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Vancouver Canucks Kyle Wellwood celebrates his first goal of the season against the Los Angeles Kings during third period NHL hockey action in Vancouver, British Columbia November 26, 2009. REUTERS/Lyle Stafford (LYLE STAFFORD)
Vancouver Canucks Kyle Wellwood celebrates his first goal of the season against the Los Angeles Kings during third period NHL hockey action in Vancouver, British Columbia November 26, 2009. REUTERS/Lyle Stafford (LYLE STAFFORD)

Canucks make wholesale changes Add to ...

The Vancouver Canucks will bid adieu to veterans Willie Mitchell, Kyle Wellwood and Ryan Johnson Thursday as the trio hits the NHL's open market as unrestricted free agents.



Losing centremen Wellwood and Johnson leaves holes down the middle, but Canucks general manager Mike Gillis is in no rush to fill them with Canada Day signings. Instead, the Canucks hope to fortify their blueline and corner the market on defencemen before tinkering with their roster this summer.



"We think there will be three or four marketplaces over the course of the summer," Gillis said. "We'll keep our options open and see how it evolves."



Gillis said Thursday's opening of free agency will be followed by a flurry of trade activity this month and into August. He also expects a period before training camps in September when left-out veterans scramble to find homes.



The Canucks have 17 players under contract for about $50-million (all currency U.S.). That does not include four restricted free agents: top-six forward Mason Raymond, defenceman Shane O'Brien, and wingers Jannik Hansen and Tanner Glass.



O'Brien is expected to accept the Canucks' qualifying offer of $1.6-million, while Raymond, whose camp is speaking with the Canucks to avoid the messiness of arbitration, will cost at least $2-million, if not closer to $3-million.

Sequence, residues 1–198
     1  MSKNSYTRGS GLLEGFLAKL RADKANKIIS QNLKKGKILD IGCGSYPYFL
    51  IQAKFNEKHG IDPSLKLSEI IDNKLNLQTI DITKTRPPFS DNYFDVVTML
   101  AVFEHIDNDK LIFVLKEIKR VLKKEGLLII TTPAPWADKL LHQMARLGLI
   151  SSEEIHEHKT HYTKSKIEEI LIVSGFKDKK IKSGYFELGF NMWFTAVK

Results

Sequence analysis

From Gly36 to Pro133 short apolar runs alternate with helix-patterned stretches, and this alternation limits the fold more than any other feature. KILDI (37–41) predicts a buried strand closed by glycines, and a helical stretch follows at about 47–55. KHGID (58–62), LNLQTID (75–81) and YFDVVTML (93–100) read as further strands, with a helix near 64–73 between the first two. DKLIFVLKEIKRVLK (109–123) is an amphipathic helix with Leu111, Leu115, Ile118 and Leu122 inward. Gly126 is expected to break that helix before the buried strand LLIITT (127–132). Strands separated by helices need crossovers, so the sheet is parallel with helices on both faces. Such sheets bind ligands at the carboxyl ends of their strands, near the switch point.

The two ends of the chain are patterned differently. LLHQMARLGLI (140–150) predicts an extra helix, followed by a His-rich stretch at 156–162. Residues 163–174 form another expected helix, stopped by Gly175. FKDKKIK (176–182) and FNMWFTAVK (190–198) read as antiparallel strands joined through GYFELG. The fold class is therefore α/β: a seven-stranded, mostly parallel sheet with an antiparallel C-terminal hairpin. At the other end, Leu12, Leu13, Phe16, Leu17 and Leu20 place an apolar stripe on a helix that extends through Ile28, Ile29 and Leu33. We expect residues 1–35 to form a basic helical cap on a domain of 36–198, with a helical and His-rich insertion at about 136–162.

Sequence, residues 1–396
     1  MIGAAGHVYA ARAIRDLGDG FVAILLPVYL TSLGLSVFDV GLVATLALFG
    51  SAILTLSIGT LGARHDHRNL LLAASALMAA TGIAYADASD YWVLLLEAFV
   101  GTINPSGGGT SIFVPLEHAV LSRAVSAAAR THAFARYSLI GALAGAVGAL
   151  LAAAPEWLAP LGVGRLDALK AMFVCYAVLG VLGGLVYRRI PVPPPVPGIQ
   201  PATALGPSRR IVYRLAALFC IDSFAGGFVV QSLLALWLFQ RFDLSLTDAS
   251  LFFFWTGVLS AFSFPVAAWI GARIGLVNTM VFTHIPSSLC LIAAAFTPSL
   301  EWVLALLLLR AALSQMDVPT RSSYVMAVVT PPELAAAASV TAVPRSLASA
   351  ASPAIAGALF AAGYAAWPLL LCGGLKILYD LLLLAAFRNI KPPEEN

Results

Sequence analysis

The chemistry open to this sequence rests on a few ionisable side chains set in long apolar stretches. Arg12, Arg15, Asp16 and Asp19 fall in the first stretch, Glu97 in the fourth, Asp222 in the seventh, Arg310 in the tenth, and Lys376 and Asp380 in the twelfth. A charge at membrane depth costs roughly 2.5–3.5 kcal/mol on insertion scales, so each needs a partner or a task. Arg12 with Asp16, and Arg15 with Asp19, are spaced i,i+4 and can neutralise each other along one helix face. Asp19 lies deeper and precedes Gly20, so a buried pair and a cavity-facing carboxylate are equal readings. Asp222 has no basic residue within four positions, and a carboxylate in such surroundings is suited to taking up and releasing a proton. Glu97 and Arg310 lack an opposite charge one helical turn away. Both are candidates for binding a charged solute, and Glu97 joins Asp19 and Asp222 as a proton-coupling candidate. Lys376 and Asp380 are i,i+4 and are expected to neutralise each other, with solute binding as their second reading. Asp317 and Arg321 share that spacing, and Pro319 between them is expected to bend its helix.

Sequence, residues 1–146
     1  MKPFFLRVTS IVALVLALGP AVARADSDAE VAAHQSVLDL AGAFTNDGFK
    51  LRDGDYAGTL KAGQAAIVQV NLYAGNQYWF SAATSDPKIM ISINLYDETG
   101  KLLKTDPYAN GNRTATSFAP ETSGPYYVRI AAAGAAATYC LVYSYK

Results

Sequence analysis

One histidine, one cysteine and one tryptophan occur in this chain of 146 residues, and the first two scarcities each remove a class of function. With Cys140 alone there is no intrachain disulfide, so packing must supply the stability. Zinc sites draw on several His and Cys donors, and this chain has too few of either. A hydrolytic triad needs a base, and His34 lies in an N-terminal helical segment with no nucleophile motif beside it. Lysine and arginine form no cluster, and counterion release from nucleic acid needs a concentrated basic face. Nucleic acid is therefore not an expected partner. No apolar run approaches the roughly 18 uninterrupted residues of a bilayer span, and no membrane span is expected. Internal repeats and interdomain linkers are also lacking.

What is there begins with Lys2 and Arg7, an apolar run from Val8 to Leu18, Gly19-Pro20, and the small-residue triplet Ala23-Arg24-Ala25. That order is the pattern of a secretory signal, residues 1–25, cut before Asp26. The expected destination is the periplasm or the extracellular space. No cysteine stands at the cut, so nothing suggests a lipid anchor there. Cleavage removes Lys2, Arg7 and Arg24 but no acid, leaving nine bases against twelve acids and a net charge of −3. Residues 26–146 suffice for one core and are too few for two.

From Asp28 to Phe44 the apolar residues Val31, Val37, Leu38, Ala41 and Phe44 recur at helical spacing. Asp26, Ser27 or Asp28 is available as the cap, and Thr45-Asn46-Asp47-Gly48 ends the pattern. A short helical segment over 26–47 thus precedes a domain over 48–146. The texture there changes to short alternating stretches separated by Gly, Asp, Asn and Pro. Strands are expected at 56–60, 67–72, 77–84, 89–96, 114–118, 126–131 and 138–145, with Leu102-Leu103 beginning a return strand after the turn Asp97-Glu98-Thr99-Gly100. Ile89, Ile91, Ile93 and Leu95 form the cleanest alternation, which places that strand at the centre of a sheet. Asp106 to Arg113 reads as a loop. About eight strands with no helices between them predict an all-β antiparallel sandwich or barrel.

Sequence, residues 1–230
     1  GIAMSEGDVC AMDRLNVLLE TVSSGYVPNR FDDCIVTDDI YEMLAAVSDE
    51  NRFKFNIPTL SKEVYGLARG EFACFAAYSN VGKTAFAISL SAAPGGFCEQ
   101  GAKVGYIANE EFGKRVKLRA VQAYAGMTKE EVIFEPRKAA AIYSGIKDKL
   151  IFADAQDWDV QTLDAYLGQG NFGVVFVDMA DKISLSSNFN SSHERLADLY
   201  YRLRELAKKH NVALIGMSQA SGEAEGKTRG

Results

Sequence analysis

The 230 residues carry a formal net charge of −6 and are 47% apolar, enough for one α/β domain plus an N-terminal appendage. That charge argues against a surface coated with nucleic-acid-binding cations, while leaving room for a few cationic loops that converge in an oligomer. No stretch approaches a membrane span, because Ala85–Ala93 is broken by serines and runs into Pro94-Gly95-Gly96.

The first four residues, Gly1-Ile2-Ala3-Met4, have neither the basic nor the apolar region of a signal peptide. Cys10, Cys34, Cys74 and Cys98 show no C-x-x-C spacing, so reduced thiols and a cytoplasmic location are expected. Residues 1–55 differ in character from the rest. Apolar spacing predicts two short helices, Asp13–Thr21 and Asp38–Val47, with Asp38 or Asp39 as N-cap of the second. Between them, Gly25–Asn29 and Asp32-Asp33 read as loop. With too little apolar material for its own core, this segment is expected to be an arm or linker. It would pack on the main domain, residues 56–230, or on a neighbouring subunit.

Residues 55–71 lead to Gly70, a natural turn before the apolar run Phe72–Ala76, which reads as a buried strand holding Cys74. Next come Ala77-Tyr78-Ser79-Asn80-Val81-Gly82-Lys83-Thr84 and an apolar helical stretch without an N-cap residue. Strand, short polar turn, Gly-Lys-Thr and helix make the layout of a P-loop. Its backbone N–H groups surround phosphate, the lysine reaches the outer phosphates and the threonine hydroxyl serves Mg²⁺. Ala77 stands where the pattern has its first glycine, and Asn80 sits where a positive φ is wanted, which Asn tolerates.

Barring another trade, that leaves Vancouver with little space under the league's $59.4-million cap, and with few available roster spots.



The Canucks seem intent on accumulating back-end help and not repeating their 2009-10 error. Vancouver was simply run out of NHL-worthy defencemen in its second-round playoff loss to the Chicago Blackhawks last spring.



"We're going to try to be active," Gillis said.



Management believes that a deeper defence corps and more size are the keys to finally conquering the Blackhawks, who ended Vancouver's season two years running. After a draft-day deal with the Florida Panthers for Keith Ballard, the Canucks have seven defencemen under contract, not including O'Brien, and will check in with some free agents on Thursday.



But someone like Dan Hamhuis, the product of Smithers, B.C., who reportedly wants to play for his home-province club, would have to come at a discount unless the Canucks plan on clearing cap room for another high-priced addition.



Up front, the Canucks are hoping that top prospects Cody Hodgson, Jordan Schroeder and Sergei Shirokov can crack the roster. The team plans on giving them full opportunities at camp.



Hodgson is a natural centre, while Schroeder has played in the middle. Their development this summer may determine whether the Canucks pursue more help at forward.



Vancouver had previously expressed a desire to add bigger bodies and defensive-minded forwards, to their third and fourth lines, which was why burly winger Victor Oreskovich was requested in the Florida trade.



In Darcy Hordichuk, Rick Rypien and Glass, the team has several wingers who can fight, but none would be considered classic third-liners capable of logging significant minutes on a shut-down unit. Oreskovich's addition could make one of the holdovers redundant.

Follow on Twitter: @mattsekeres

 

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